The MacPlus and Mac SE's which shipped until 1990 were just incremental upgrades of the Mac shipped in January 1984. The Plus added SCSI. The SE had an internal slot. And both had more memory. A six year run and more than 10 million sold is pretty good for "rubbish"

    Although the MultiFinder System gave the MacOS cooperative multi-tasking in 1987 from the very start in 1984 both VBLTasks and device drivers gave us ways of implementing good enough multi tasking. Especially VBLTasks. In the summer of 1984 on 128K Macs we were shoveling code into VBLTasks to see just how many instructions could be executed until it started having a noticeable effect on the screen redraw. Quite a lot it turned out. But device drivers were usually a better safer option unless you absolutely needed that 1/60 sec "heartbeat". And even then it made sense to put most of the heavy lifting code in a custom device driver.

    Later I got to work on a bunch of Apple prototype Macs and the prototypes Apple shipped to developers were far more stable and of far higher quality than the QL's that Sinclair sold to paying customers. Even the Apple prototypes without proper cases were rock solid in comparison to the QL's.

    So much for Apple shipping a "rubbish" 128K Mac. It was a fantastic machine. And Burrell Smith with the hardware boards and Andy Hertzfield and the gang with the MacOS software did an amazing job. Never bettered since.

    1. steelpillow Silver badge

      Re: The 128K Mac was not "rubbish"..

      No quibble about the engineering, but the spec was just not up to the dreams yet. It was still too small to do any of the things it inspired you to try and do. Lisa had never been more than a statement of intent. But upgraded Macs soon made the grade and the rest is history.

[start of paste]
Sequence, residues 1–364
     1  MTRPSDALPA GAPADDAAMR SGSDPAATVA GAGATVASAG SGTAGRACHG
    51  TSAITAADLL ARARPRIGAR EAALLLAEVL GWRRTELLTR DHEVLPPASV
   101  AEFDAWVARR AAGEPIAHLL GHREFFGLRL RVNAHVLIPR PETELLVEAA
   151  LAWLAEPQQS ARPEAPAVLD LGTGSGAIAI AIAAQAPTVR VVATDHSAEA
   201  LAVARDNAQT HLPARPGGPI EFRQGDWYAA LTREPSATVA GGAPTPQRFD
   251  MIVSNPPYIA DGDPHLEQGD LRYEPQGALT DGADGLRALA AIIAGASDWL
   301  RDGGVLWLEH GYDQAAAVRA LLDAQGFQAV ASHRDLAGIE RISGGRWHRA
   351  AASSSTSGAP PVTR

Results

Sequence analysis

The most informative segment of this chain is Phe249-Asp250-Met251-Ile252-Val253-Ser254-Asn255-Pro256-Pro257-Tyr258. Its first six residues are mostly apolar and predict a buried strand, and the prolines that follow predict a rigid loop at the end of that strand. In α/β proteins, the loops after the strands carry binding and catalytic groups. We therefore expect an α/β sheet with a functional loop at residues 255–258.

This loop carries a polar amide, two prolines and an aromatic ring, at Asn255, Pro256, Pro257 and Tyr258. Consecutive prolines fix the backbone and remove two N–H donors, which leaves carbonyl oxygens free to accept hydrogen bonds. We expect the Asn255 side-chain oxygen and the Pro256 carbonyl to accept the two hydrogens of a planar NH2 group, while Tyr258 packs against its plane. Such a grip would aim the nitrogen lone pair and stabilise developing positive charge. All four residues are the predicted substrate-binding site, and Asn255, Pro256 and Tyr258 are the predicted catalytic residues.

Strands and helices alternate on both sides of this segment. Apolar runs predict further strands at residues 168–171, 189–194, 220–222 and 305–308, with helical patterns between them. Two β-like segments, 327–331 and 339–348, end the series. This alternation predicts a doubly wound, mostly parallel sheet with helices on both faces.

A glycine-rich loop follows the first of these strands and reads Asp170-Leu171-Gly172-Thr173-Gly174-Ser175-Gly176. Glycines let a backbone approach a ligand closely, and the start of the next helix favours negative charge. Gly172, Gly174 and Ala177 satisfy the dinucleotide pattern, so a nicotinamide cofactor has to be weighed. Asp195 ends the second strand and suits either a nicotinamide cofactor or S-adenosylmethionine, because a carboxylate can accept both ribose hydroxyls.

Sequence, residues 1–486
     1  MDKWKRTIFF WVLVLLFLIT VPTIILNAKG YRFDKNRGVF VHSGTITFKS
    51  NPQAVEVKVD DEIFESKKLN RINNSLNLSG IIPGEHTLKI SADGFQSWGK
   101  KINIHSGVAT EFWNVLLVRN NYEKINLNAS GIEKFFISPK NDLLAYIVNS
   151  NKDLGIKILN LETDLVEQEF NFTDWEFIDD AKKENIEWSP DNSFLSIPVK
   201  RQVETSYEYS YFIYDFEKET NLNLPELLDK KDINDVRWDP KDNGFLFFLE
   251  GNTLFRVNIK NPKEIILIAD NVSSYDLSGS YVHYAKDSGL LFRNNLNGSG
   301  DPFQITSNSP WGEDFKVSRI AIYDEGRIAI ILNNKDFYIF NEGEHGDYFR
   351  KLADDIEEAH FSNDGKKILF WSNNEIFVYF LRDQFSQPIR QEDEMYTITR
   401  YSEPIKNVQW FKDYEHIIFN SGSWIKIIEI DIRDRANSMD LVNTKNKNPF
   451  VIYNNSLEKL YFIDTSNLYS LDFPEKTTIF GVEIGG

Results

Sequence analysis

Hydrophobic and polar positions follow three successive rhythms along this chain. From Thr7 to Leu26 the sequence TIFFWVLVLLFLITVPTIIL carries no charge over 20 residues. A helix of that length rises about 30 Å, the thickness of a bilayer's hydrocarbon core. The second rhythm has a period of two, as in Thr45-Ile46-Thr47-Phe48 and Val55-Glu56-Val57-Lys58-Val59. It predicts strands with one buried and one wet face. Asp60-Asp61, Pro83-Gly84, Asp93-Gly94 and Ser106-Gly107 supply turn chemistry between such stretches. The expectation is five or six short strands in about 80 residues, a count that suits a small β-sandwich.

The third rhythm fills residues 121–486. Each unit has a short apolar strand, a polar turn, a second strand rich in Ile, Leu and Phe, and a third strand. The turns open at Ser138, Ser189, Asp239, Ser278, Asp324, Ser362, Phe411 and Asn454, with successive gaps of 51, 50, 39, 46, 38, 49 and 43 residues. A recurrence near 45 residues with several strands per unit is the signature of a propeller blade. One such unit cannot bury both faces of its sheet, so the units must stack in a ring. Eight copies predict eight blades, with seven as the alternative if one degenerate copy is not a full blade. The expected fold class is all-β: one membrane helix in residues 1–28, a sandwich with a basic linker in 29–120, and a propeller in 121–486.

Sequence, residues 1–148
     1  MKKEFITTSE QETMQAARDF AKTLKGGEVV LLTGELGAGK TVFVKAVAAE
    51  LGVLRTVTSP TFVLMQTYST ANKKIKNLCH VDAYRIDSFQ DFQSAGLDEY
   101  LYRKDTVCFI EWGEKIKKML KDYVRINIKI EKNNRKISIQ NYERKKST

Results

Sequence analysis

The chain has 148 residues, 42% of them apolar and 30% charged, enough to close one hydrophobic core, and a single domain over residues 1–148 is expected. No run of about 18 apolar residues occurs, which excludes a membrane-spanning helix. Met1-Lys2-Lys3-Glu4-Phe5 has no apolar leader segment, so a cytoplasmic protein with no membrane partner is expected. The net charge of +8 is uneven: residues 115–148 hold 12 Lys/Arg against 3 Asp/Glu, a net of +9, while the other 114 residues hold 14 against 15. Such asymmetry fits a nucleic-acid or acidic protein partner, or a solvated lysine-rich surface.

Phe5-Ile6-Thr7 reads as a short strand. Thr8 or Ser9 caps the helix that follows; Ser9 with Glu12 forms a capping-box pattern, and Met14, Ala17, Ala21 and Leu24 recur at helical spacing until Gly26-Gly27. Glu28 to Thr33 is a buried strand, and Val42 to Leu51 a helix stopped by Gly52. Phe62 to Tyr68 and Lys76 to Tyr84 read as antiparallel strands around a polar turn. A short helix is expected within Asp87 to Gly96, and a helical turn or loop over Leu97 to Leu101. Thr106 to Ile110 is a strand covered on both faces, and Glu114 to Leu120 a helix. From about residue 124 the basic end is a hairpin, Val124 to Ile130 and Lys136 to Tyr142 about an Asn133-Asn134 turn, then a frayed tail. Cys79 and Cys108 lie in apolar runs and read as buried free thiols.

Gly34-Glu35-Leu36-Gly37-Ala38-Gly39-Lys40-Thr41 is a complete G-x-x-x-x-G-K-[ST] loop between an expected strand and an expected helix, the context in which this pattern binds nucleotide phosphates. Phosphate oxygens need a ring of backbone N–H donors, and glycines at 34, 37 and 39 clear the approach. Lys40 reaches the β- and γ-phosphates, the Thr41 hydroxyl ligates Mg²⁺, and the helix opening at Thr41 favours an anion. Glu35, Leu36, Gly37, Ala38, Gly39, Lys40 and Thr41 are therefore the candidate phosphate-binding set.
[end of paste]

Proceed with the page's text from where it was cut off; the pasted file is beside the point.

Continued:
1. Anonymous Coward
        Anonymous Coward

        Re: The 128K Mac was not "rubbish"

        Were you actually around in 1984? There was nothing like MacPaint, MacWrite etc on any other platform in 1984. And certainly nothing like MacPascal which MS had shut down. Ever use it? Only in 1987 ThinkC started showing people the same kind of features that Apples MacPascal had at the start of 1984. Alice was fun but MacPascal was a real jaw dropper. Even MacDB the two Mac debugger that shipped in early 1984 had features that only I started to see elsewhere in the late 1980's/ early 1990's. But as so few people had two Macs to develop with it was the single machine Macsbug that won that war. Can you IL, SM, DM? Or even $4E71?

        The first Macs shipped to end users in quantity in late Feb 1984 and the first official 512K's started arriving about 7 months later. But you could already get unofficial piggy-back upgrades. Just like with the very unofficial '020 cards and 21 inch color monitor cards that shipped the following year. In 1985. And you could get external and internal harddrives before the HD20 shipped in late 1985. So to us in the trenches developing shrinkwrap software for the MacOS in 1984 the 512K was nice but we already had products shipping. And had been dealing with the 128K base IBM XT's etc for quiet a while. Which themselves were a step up from the 32K/48K IBM PC's and Apple II's. All 512K Macs meant was that you had to worry far less about the segment size and organization for the final build. Far fewer SegLoads. And less worry about doing LoadResource() / ReleaseResource() etc. Thats all

        You had to be there. Actually working on this stuff to appreciate just how good the original 128K was and just how incremental the 512K was. As was the MacPlus. The Mac II I that arrived on my desk at the end of 1986 was the first - now this is a big improvement - moment. But it was n't until the CX and CI shipped two years later that it made much of an impact of the base target platform you developed for. Which was still the original Mac shipped in 1984. Just with 512K/1M memory rather than 128K. Although we did usually still kept a 128K around to test on. And shipped product worked. Just a lot slower (often a lot lot slower) as it SegLoad'ed and LoadResource'd a lot more. But by that stage MPW made most of this kind of book-keeping a lot simpler.

        1. Dan 55 Silver badge

          Re: The 128K Mac was not "rubbish"

          LoadResource() / ReleaseResource()

          Watching a classic Mac user waxing lyrical about how hardware and software architecture was all so much better than IBM PCs is sort of like watching two bald men fight over a comb.

          Shame Commodore only knew how to market the 8-bits. Apart from the TEDs of course.

        2. steelpillow Silver badge

          Re: The 128K Mac was not "rubbish"

          "The first Macs shipped to end users in quantity in late Feb 1984 and the first official 512K's started arriving about 7 months later. ... just how incremental the 512K was."